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Impact of Total Workload on Maternal Postpartum Health and Quality of Life. Report for September 30, 1999 to September 29, 2004.


PB2008107928

Publication Date 2005
Personal Author Dowd, B.; Gjerdingen, D.; Gross, C.; Kenney, S.
Page Count 220
Abstract Mothers with infants are one of the fastest growing segments of the labor force. National estimates reveal that about half of all American women with infants were in the labor force in 2002 (Downs, 2003). While it is well established that women face physical and psychological changes in pregnancy, childbirth and the postpartum, relatively little evidence exists to document the effects of employment and work organization characteristics on women's health at periods of heightened vulnerability such as after childbirth. With many new mothers returning to work relatively soon after childbirth, this study was designed to examine the time course for women's recovery from pregnancy and childbirth and identify factors that facilitate the merger of working and parenting during the first 18 months after childbirth. This was a prospective longitudinal study of employed mothers designed to identify the effects of personal and employment characteristics, job stress and role conflicts on maternal postpartum health. We enrolled 817 women (71% response rate) at the time of childbirth from selected Minnesota hospitals in 2001 who met sample selection criteria including: giving birth to a singleton, healthy infant; English-speaking; 18 years of age or older, employed during pregnancy, and planning to return to work after childbirth. At enrollment, demographic and medical information was abstracted from mothers' charts and eligible women were interviewed.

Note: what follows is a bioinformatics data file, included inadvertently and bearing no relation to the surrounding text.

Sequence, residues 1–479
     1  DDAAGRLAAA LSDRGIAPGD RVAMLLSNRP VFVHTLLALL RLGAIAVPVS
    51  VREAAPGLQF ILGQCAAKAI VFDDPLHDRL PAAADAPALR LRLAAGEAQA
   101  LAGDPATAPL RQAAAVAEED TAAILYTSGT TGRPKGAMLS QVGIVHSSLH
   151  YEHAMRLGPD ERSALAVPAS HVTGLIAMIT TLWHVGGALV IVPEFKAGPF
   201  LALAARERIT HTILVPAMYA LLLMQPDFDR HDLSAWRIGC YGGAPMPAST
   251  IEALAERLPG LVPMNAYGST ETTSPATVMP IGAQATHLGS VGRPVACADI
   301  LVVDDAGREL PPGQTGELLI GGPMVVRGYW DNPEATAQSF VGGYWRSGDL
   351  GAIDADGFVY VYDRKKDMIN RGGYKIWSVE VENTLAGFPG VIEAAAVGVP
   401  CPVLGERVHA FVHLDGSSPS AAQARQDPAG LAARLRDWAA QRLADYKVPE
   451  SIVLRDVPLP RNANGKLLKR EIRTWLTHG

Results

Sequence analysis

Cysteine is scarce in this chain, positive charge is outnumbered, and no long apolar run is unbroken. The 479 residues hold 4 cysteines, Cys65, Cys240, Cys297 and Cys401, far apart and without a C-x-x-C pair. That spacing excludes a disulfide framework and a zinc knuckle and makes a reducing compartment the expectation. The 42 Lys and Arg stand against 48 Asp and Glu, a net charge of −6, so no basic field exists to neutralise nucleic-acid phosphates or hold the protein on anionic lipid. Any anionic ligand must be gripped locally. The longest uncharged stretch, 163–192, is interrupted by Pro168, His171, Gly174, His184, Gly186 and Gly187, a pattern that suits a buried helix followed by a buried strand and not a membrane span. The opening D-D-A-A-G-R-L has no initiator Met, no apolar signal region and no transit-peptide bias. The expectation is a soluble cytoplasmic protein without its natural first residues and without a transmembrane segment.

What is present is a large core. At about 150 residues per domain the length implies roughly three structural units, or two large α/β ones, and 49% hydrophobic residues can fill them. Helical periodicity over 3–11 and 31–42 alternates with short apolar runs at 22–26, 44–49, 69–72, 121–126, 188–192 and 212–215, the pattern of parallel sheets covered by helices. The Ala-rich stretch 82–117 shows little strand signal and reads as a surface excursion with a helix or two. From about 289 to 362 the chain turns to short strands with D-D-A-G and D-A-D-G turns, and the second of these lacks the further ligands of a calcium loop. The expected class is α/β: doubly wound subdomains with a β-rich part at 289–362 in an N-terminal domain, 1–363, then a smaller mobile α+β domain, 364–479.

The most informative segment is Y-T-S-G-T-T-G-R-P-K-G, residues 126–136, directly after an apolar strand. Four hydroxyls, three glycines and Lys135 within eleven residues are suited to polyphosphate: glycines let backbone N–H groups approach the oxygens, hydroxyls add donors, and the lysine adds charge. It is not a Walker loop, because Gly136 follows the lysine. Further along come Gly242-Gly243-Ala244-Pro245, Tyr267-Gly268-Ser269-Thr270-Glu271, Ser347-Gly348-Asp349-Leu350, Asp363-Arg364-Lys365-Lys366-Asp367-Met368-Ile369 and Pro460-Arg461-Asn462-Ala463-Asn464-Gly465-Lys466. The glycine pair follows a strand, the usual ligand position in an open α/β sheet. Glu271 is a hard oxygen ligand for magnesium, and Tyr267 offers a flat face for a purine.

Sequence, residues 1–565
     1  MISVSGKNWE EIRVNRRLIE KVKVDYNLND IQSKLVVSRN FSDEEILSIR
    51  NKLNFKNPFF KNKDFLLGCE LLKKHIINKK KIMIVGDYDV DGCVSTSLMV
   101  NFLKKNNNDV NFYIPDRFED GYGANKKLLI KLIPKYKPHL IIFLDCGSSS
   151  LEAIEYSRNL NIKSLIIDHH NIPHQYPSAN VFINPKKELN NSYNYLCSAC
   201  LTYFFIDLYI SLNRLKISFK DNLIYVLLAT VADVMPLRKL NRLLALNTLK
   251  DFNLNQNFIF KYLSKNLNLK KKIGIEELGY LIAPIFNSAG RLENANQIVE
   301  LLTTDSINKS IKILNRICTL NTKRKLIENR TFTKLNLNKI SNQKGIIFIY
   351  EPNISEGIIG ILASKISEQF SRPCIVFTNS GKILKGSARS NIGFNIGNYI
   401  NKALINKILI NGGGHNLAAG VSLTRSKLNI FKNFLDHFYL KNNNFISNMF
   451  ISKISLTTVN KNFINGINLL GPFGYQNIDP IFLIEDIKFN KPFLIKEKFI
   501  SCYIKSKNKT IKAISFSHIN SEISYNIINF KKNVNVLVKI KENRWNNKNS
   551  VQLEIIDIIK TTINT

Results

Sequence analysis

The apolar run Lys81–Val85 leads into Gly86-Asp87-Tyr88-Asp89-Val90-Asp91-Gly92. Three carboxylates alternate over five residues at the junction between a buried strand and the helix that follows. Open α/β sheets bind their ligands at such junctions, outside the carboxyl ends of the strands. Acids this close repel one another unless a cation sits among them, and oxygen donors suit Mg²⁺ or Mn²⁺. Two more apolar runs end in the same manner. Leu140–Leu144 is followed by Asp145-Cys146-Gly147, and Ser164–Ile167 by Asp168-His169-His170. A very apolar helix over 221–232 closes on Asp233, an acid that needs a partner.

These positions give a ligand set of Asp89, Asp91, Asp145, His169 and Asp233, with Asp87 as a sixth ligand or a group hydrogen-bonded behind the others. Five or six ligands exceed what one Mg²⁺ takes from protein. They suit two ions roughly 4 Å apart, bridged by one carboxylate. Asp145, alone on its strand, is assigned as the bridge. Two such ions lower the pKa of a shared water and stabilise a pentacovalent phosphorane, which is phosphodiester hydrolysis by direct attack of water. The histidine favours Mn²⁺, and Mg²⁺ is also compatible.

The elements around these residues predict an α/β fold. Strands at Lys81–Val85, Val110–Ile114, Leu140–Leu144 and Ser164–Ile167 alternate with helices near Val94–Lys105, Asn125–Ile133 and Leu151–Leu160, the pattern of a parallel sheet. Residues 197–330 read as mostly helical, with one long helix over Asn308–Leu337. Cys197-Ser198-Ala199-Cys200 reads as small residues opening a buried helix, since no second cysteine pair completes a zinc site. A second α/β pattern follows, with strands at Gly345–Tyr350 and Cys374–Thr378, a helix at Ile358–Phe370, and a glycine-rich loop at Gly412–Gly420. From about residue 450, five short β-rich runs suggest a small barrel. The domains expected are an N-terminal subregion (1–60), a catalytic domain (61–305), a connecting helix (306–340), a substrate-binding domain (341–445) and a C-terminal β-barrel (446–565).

Keywords
  • Maternal health outcomes
  • Health care management
  • Quality of life
  • Labor force
  • Mothers
  • Infants
  • Mental health
  • Heatlh status
  • Children
  • Psychology
  • Pregnancy
  • Vulnerability
  • Childbirth
  • Employment
  • Statistical data
  • Demography
  • Health services
  • Women
  • Job stress
  • Longitudinal studies
  • Interviews
  • Postpartum period
  • Workload
Source Agency
  • National Institute for Occupational Safety and Health
Corporate Authors Minnesota Univ., Minneapolis. School of Public Health.; National Inst. for Occupational Safety and Health, Cincinnati, OH.
Supplemental Notes Sponsored by National Inst. for Occupational Safety and Health, Cincinnati, OH.
Document Type Technical Report
Title Note Final rept.
NTIS Issue Number 200816
Impact of Total Workload on Maternal Postpartum Health and Quality of Life. Report for September 30, 1999 to September 29, 2004.
Impact of Total Workload on Maternal Postpartum Health and Quality of Life. Report for September 30, 1999 to September 29, 2004.
PB2008107928

  • Maternal health outcomes
  • Health care management
  • Quality of life
  • Labor force
  • Mothers
  • Infants
  • Mental health
  • Heatlh status
  • Children
  • Psychology
  • Pregnancy
  • Vulnerability
  • Childbirth
  • Employment
  • Statistical data
  • Demography
  • Health services
  • Women
  • Job stress
  • Longitudinal studies
  • Interviews
  • Postpartum period
  • Workload
  • National Institute for Occupational Safety and Health
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